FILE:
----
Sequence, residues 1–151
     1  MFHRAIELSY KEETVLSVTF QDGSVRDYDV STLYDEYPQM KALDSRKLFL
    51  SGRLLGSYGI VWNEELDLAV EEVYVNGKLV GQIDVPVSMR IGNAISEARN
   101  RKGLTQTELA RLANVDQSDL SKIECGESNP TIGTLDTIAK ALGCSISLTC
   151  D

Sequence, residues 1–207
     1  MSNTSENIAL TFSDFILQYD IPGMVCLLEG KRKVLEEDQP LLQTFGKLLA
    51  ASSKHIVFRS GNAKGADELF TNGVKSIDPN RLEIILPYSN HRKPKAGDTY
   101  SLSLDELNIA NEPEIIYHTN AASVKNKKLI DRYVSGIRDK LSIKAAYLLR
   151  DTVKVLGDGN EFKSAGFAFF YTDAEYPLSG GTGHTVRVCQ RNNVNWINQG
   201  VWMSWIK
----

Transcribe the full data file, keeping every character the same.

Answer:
Sequence, residues 1–151
     1  MFHRAIELSY KEETVLSVTF QDGSVRDYDV STLYDEYPQM KALDSRKLFL
    51  SGRLLGSYGI VWNEELDLAV EEVYVNGKLV GQIDVPVSMR IGNAISEARN
   101  RKGLTQTELA RLANVDQSDL SKIECGESNP TIGTLDTIAK ALGCSISLTC
   151  D

Sequence, residues 1–207
     1  MSNTSENIAL TFSDFILQYD IPGMVCLLEG KRKVLEEDQP LLQTFGKLLA
    51  ASSKHIVFRS GNAKGADELF TNGVKSIDPN RLEIILPYSN HRKPKAGDTY
   101  SLSLDELNIA NEPEIIYHTN AASVKNKKLI DRYVSGIRDK LSIKAAYLLR
   151  DTVKVLGDGN EFKSAGFAFF YTDAEYPLSG GTGHTVRVCQ RNNVNWINQG
   201  VWMSWIK